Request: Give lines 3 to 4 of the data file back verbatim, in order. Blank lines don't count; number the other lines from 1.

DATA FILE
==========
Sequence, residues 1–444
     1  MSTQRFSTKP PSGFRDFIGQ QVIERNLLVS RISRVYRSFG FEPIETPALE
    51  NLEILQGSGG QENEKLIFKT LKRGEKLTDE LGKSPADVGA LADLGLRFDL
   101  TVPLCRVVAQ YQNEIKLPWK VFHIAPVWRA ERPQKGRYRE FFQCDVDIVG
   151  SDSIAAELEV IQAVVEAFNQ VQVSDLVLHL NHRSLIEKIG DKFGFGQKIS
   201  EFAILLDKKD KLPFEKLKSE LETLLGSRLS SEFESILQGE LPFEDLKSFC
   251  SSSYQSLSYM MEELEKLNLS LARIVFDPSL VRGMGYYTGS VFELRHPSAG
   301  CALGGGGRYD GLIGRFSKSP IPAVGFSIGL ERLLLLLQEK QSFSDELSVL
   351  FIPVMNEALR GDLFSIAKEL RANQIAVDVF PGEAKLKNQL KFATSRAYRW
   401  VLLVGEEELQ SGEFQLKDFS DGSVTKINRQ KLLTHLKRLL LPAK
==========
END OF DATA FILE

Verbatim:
    51  NLEILQGSGG QENEKLIFKT LKRGEKLTDE LGKSPADVGA LADLGLRFDL
   101  TVPLCRVVAQ YQNEIKLPWK VFHIAPVWRA ERPQKGRYRE FFQCDVDIVG